DSLR mirror shake

2 05 2011

Shaky, blurry pictures stink. Especially when shooting in low light without a tripod. Hand holding your DSLR and shooting does contribute to the sharpness of the photo but so does the mirror vibration made from the mirror moving when the shutter fires. To illustrate this point Camera Technica conducted a test to figure out how much mirror vibration there is under certain circumstances. Using a Canon 7D they mounted a laser pointer on the hot shoe and firing the shutter normally, with a finger press, with a remote shutter release and with a remote shutter release and mirror lock up.

I was surprised at how much movement there was from just pressing the shutter with a finger. Which is why I always use a tripod and the timer when shooting low light.


DSLR Mirror Vibration from Camera Technica on Vimeo.



More camera basics: ISO

23 02 2011

ISO, what is it? Back when I was given a Canon Powershot for Christmas I remember seeing the ISO setting and then a bunch of numbers. Since higher numbers tend to be better, I would turn my ISO to the highest that the Powershot could handle, but I was baffled at why my pictures were grainy.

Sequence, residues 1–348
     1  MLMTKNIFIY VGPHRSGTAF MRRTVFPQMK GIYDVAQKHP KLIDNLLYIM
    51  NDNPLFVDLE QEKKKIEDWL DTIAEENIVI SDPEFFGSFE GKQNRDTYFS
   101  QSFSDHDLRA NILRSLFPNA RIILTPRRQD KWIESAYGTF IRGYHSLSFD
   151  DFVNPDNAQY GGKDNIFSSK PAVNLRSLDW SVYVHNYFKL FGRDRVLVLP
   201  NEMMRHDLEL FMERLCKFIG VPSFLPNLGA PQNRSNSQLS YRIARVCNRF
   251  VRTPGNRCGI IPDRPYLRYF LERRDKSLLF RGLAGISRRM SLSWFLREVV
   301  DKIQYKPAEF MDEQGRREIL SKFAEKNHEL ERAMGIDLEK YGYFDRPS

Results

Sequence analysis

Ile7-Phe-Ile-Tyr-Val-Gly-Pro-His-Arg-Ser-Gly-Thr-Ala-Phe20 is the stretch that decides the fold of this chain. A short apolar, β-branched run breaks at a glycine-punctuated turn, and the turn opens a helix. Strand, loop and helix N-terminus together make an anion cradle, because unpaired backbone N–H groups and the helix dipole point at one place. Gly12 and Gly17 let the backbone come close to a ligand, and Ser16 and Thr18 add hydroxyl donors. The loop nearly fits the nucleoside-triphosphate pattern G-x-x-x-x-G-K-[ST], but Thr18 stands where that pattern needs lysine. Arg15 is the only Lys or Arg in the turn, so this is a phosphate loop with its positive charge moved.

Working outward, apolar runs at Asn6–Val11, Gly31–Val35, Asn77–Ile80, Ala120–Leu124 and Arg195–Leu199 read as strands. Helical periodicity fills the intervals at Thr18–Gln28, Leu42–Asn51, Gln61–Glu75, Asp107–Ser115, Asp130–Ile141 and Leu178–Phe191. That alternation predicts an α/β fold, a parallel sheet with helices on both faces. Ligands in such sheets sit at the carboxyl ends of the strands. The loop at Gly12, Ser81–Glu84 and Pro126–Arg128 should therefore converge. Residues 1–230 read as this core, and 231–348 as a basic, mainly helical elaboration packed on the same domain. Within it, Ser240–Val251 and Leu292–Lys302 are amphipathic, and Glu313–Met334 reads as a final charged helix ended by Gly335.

Then I took an intro VCT class, and learned that ISO is how sensitive the sensor is to light and that a higher ISO will produce grainy (noisy) images. ISO is the same as film speed. Film speed is how sensitive the film is to light. Using a higher film speed will produce a grainier image, just like ISO.

An ISO of 100 is less sensitive to light than an ISO of 6,400. Also, an ISO of 100 will produce a less noisy image than an ISO of 6,400.

Here’s an example.

If you’re out shooting in the middle of the day and it’s extremely sunny out you won’t need a high ISO. Since there’s so much light out, set the ISO to 100. Because there’s more than enough light to give you a well exposed image.

However, let’s say you’re out shooting indoors at a graduation. Then you would want to turn up your ISO so you could use a higher shutter speed to capture the right moment.

How high your ISO will go depends on the kind of camera you’re shooting with. If you’re shooting with an entry level DSLR like the Nikon D3000 the highest ISO is 3,200. If you’re shooting with a more advanced DSLR, the Nikon D90 in my case, you’re ISO will be higher, 6,400, because of the different technology.

So don’t make the mistake of thinking high ISO is always a good thing. Learn the pros and cons of shooting with a high ISO on your camera to get the most out of it.

Looking back maybe I should have Googled ISO.